Lawmakers want bad actors to lose their accreditation, said R. Barbara Gitenstein, president of the College of New Jersey, who is also a board member and former chair of the Middle States Association of Colleges and Schools. They don’t like to see colleges improve their way out of a sanction, she said, unless that institution is in their district.
Apollo officials said they are confident that the review team's concerns would be addressed. But if the university is placed on probation, that period will last until fall 2014. Phoenix will need to cite its probationary status in every public communication that mentions its accreditation.
Meanwhile, the commission is expected to make a decision on the probation recommendation this summer. HLC and Apollo have not released the review team’s draft report. That’s not surprising, however, as such reports are generally kept private during an ongoing accreditation review.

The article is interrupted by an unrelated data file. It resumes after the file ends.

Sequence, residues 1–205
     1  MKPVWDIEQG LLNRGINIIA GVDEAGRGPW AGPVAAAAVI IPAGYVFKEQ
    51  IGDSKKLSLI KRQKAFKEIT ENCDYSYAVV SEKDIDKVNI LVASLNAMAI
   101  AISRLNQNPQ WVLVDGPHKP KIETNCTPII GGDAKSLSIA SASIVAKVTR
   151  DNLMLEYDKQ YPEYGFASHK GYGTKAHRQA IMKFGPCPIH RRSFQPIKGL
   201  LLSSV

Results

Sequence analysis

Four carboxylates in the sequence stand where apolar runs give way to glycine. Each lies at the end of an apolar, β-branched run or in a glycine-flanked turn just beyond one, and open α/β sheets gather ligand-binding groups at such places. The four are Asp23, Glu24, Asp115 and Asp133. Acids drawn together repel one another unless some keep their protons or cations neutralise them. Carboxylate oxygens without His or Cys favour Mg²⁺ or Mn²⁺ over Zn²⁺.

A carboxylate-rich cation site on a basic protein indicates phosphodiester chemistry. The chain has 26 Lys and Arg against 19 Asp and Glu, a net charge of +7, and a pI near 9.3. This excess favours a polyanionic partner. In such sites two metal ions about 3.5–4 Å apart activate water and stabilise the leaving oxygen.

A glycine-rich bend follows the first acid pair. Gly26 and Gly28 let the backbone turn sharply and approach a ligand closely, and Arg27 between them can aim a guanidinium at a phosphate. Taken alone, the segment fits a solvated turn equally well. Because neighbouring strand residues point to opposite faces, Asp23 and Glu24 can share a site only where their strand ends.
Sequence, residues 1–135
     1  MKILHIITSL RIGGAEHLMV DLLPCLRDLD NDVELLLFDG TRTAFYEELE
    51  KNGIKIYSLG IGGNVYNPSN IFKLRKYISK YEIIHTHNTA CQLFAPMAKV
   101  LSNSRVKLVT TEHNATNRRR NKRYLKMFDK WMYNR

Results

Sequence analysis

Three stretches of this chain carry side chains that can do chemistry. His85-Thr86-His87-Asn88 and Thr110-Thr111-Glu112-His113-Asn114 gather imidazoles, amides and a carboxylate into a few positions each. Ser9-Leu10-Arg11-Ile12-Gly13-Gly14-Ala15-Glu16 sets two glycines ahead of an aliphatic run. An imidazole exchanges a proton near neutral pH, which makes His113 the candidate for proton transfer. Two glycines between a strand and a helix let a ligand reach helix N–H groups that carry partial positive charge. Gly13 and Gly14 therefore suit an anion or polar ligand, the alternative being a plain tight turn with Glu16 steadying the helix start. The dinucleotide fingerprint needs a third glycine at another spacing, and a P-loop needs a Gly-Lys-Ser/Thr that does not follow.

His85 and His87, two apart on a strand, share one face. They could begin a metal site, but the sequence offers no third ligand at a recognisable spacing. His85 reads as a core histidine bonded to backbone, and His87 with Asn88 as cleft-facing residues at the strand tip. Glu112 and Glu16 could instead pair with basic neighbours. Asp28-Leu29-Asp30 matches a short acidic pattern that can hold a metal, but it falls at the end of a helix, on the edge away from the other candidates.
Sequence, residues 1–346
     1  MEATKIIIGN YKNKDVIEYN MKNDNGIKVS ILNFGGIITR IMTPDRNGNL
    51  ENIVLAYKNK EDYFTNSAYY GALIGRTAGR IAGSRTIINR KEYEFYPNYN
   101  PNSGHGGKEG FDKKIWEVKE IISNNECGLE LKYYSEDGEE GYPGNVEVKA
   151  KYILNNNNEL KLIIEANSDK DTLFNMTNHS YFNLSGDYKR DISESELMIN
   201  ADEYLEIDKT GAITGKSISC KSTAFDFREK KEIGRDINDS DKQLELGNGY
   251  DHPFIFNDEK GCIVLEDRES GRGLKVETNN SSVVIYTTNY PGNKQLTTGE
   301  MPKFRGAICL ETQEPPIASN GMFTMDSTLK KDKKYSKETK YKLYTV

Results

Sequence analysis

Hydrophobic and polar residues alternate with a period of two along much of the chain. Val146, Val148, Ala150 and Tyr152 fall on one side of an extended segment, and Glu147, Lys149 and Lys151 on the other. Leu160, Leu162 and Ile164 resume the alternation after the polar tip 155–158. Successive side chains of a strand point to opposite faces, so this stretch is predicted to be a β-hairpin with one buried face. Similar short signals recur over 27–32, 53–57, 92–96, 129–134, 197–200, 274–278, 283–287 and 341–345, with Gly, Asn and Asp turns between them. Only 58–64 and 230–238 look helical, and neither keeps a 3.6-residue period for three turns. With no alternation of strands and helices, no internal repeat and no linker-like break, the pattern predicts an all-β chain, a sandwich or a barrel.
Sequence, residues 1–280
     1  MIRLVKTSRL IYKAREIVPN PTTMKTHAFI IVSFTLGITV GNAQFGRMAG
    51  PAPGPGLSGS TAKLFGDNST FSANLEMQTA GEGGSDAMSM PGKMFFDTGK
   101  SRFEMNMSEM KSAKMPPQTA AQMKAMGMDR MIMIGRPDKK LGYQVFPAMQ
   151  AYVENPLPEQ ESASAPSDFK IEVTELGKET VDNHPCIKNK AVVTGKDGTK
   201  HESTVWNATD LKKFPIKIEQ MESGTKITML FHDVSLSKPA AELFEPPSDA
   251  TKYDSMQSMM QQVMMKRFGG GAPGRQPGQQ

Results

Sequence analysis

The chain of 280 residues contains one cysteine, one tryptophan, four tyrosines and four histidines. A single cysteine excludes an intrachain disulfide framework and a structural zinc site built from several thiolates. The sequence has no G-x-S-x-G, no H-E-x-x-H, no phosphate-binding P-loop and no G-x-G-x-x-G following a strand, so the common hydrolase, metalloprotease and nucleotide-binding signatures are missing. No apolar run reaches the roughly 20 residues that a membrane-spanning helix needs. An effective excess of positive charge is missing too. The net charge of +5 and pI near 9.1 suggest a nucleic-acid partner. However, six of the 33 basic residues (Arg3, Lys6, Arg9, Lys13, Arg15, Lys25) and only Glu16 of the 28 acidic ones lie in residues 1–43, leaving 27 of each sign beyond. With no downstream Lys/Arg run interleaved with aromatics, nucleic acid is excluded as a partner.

Phoenix went through an extensive review by the site team, which visited 148 of the university’s campuses and locations. It was required to pay for advertisements in the news media seeking feedback from Phoenix students for the reviewers. And approximately 160 reviewers participated in the campus visits.
Likewise, Phoenix is unlikely to take the possible sanction sitting down. Apollo said it plans to challenge and appeal the site team's recommendation.
The specter of possible lawsuits filed by for-profits with deep pockets loomed large during the recent ACE session. Regional accreditors would likely need to spend a lot of money on lawyers if a for-profit challenged a sanction in court.
Manning didn’t duck a question about lawsuits, acknowledging that it is a real risk of the accreditation process. She said that HLC has an arbitration clause in effect, meaning that colleges and the commission must first try to work out differences with an arbitrator before going to court. And she said institutions might also choose to avoid the public relations challenge of suing an accreditor.
“The issue of withstanding a suit has yet to be tested,” said Manning. “It hasn’t stopped us from moving forward.”